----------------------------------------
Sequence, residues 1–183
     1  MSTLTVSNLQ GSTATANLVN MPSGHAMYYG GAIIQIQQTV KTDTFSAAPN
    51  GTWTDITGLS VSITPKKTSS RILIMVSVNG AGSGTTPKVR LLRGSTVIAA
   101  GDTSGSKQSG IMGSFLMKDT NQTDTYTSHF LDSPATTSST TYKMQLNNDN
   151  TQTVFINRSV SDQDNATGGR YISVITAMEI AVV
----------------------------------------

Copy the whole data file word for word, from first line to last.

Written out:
Sequence, residues 1–183
     1  MSTLTVSNLQ GSTATANLVN MPSGHAMYYG GAIIQIQQTV KTDTFSAAPN
    51  GTWTDITGLS VSITPKKTSS RILIMVSVNG AGSGTTPKVR LLRGSTVIAA
   101  GDTSGSKQSG IMGSFLMKDT NQTDTYTSHF LDSPATTSST TYKMQLNNDN
   151  TQTVFINRSV SDQDNATGGR YISVITAMEI AVV